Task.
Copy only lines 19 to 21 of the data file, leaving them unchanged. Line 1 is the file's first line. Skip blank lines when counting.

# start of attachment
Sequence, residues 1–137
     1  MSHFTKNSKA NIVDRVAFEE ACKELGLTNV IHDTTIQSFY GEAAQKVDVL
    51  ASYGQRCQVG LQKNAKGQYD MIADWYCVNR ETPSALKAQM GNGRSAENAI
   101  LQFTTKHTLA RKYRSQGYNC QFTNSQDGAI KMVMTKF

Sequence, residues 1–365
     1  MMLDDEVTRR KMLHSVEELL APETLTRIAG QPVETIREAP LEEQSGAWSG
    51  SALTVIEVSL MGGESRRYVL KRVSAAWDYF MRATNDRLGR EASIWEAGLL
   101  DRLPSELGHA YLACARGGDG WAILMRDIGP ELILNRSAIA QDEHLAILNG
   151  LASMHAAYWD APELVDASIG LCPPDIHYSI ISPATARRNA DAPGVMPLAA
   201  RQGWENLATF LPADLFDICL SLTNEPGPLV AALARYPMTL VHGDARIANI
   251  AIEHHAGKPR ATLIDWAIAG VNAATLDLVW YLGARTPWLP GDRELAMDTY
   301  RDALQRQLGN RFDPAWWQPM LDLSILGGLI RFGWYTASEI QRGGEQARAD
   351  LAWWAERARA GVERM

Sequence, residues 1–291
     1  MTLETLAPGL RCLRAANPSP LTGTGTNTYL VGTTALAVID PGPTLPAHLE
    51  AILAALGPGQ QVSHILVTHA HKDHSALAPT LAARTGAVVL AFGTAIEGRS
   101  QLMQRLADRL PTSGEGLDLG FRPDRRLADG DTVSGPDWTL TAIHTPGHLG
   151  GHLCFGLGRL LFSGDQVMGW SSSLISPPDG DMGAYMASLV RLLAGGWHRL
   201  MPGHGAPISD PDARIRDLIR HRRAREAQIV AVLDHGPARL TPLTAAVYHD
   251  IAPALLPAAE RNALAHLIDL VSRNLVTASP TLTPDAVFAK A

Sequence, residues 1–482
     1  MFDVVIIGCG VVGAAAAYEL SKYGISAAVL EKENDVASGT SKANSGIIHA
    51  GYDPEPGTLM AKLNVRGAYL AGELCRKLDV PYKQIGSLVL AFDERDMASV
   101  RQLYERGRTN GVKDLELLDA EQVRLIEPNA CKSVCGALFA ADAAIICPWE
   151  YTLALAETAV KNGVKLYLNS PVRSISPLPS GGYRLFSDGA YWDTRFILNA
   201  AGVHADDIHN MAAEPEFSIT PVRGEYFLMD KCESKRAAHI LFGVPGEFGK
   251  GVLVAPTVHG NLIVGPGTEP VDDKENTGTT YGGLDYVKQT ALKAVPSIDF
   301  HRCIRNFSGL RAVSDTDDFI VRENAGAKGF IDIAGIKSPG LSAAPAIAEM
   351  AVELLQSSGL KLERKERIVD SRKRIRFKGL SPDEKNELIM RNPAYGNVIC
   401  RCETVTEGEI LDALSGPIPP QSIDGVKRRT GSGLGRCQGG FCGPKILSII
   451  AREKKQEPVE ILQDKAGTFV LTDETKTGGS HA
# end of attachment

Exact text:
   201  MPGHGAPISD PDARIRDLIR HRRAREAQIV AVLDHGPARL TPLTAAVYHD
   251  IAPALLPAAE RNALAHLIDL VSRNLVTASP TLTPDAVFAK A

Sequence, residues 1–482